American Annual of Photography 1927
American Annual of Photography 1927
One caution needs to be given before I describe the mechanics of the collodion process. The solvent of collodion is ether; so, lest you anaesthetize your model, it is wise to work in a well ventilated room with an electric fan going.
We may assign photographic smiles to four different classes, only one of which is pictorially tolerable.
First, there is what is known as the zizzy smile. I include no illustration of the pure type of the zizzy smile, but thousands of examples may be found in screen magazines and tooth-paste advertisements. It is joyless and violent—a veritable explosion of incisors and bicuspids.
Then there is the grudging smile. This is also too familiar to require demonstrating. It results when the photographer insists on a smile and the bedeviled subject finally yields to the extend of lifting an upper lip in a perfunctory grimace that does not conceal the resentment smoldering in the eyes.
Third, there is the solar-plexus smile.. Or, by analogy with that fine phrase “belly laugh,” it might be called the “belly smile”. This, unlike those described above, is a natural and spontaneous expression, a sudden overflowing of animal joy. (Figure 19.) With an ebullient model a smile of this sort is readily obtained. Unfortunately, although it is actually spontaneous and sincere, the excess and suddenness of this smile cause it to have a violent “zizzy” quality. The sense of restraint and control, so necessary to pictorial representation, is missing.
When thought, action, or animation is implied, it is generally demanded that the head be tipped. Note that the head is tipped in Figure 10 (Windblown), although the angle is full-face. The animation of the expression, the swing of the hair, all require that the head be tipped. If this picture is framed with the features vertical, it immediately becomes stiff and uncomfortable, and at the same time loses a certain feminine delicacy.
The Spanish Main is a thorough-going example of the picture of explicit drama. It is just the sort of moment and just the sort of interpretation that one sees in movie stills. It is, to repeat the distinction made above, a picture of drama rather than a dramatic picture. The emotion is violent and thoroughly literal in its representation. There is little or no hint of any pantomimic quality. The violent contortions of the models stir in the beholder only a mild and condescending sort of interest. The action is of the frozen type that the candid camera secures. There is division of interest because action and reaction are presented simultaneously.
Eyes so turned than they show a large glint of white suggest one of the subversive emotions—suspicion, jealousy, flirtation, or fear, and they should not be so displayed unless some such thought is meant to be conveyed (Figure 16). In portraits it is usually essential that the eyes be shown; but in pictures with the emphasis on the plastic qualities, particularly in nudes, an advantageous impression of impersonality is gained by downcast eyes.
Generally the inexperienced photographer is embarrassed and surprised on discovering how unmanageable an apparently compliant model can be. Like someone who has incautiously committed a murder, he is left with an awkward corpus delicti on his hands, a certain amount of flesh which he must dispose of gracefully, but which, in his mounting panic, becomes increasingly unmanageable with his every desperate effort to do something with it.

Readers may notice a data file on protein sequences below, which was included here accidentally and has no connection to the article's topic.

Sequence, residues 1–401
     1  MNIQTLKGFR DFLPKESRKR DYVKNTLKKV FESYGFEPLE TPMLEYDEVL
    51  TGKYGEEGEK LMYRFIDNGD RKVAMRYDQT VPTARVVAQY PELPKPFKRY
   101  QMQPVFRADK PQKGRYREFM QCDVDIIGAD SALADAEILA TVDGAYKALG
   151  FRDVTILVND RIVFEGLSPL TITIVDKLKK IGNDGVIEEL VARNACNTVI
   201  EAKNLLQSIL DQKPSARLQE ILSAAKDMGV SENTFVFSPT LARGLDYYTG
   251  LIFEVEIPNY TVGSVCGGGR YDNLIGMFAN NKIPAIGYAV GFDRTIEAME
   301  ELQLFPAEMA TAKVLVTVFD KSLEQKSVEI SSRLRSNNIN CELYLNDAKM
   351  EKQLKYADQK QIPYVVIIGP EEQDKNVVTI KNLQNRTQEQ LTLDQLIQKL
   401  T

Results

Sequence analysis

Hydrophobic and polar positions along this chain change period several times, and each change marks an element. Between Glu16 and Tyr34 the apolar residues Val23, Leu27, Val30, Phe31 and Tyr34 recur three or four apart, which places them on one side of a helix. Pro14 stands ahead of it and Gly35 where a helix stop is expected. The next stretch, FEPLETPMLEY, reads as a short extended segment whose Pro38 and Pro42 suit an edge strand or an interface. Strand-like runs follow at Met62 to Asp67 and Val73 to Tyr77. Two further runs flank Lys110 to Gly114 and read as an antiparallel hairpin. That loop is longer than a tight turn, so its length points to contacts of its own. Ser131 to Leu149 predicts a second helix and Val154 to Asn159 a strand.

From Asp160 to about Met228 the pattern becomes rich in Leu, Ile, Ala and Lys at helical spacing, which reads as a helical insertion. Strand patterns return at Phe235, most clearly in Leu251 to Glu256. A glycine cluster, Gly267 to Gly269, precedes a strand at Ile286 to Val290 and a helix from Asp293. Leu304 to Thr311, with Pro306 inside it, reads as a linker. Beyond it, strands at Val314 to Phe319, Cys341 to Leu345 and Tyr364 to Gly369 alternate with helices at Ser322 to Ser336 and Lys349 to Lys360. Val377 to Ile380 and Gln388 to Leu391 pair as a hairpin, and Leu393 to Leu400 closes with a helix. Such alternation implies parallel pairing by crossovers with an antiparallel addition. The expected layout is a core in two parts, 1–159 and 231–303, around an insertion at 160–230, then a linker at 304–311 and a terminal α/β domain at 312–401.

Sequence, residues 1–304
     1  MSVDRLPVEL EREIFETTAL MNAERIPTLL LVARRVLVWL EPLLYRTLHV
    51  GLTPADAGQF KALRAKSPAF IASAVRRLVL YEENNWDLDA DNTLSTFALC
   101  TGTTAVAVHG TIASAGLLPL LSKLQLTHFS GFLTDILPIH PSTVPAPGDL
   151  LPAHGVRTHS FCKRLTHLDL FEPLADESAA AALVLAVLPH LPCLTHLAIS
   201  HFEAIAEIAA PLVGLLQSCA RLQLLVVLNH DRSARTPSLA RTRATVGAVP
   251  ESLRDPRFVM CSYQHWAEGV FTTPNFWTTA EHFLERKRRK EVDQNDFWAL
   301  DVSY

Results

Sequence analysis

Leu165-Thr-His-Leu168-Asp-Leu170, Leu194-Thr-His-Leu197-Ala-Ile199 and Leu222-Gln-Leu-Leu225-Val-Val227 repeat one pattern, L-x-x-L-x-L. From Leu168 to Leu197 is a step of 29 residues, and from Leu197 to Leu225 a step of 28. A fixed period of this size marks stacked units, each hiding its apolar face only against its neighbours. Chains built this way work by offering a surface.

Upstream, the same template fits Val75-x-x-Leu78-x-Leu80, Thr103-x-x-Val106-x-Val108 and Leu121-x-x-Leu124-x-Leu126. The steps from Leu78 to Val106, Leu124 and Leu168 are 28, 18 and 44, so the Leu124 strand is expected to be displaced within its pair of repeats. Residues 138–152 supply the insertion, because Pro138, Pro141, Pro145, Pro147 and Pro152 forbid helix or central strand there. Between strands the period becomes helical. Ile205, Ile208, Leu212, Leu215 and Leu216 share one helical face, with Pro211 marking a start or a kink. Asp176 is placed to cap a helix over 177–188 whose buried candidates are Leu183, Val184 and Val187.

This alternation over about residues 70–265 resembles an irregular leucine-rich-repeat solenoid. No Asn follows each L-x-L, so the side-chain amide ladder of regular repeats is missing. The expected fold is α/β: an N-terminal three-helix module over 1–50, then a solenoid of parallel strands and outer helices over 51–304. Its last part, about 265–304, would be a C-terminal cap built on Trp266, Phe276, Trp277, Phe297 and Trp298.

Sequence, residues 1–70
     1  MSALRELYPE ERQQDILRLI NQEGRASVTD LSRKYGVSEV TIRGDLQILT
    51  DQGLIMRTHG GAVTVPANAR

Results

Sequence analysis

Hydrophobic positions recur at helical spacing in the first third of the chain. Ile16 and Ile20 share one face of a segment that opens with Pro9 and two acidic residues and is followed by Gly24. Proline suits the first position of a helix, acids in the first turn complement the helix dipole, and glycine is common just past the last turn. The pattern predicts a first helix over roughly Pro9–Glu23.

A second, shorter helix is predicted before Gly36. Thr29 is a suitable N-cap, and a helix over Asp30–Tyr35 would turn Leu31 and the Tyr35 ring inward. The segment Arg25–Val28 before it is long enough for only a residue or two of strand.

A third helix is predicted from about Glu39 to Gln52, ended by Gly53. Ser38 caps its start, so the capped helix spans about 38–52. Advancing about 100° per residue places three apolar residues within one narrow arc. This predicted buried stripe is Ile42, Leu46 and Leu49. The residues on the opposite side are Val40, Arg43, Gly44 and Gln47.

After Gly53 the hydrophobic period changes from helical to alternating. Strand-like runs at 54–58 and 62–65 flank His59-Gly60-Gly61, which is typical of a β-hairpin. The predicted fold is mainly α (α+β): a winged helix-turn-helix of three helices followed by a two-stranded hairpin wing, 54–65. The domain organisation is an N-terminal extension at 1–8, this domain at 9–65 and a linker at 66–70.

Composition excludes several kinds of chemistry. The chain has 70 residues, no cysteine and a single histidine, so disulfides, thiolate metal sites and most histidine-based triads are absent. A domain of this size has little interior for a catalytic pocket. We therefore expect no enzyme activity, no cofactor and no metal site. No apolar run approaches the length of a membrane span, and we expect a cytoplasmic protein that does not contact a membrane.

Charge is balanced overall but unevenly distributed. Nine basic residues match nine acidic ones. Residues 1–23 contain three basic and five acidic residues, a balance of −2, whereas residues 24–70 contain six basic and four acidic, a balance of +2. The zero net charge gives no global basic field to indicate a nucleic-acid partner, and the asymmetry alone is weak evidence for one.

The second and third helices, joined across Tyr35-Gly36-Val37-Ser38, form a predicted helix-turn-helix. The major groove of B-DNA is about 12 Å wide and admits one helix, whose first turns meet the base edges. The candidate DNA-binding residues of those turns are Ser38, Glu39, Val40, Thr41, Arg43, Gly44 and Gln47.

Perhaps he has heard that natural poses are the best. So he may attempt a laissez-faire attitude and let nature take its course in the matter of posing. But he soon learns that, photographically at least, Nature is an unpleasing, stupid, lumpy, blowsy wench. The artist in any medium is unhappily compelled to cope with the damnable perversity of things, but none so much as the photographer is aware of the utter uncooperativeness and the implacable stubbornness of Nature. The painter may adjust perspectives and warp arms and legs into attitudes that are more becoming or compatable with his design. But the photographer must take things as they are. The arms and legs that he deals with are flesh and bone, and are uncompromisingly unmalleable.
The photographer with a model is a Creator with a little bit of Chaos. He must learn the Word that will give it form.
Mortensen designates Figure 1 as a “lay figure.” For the purposes of his modeling book, the live model Mary Jones will be regarded merely as a lay figure—“A more delicately articulated lay figure, no doubt, but needing just as much mechanical adustment” (20-21). You see, “Mary is just as disorganized physically as the manikin here illustrated. We are not for a moment concerned with what Mary thinks or feels, but merely with the mechanical adjustment and plastic relationships of her articulated members” (21).
The difficulty I have with this is that I can’t help but thinking the poor “lay figure” has slipped upon the ice. It appears to me that something is broken, so she might have great difficulty articulating her members.
The aim of this book is to give the student of photography some basis for self-criticism in his posing and arranging of the model. The basis of this criticism is necessarily largely negative—as all worthwhile and useful criticism of creative work is bound to be. It is only weaklings and incompetents who plead for “constructive criticism.” The constructive, positive part of any art-work must be furnished by the artist-pupil himself. The instructor or critic cannot “constructively” criticize a student’s picture or story or symphony without, in effect, doing the work that the student should do. It is true that a presentable picture (or story, or symphony) may be thus produced: but it will be, fundamentally, the teacher’s accomplishment.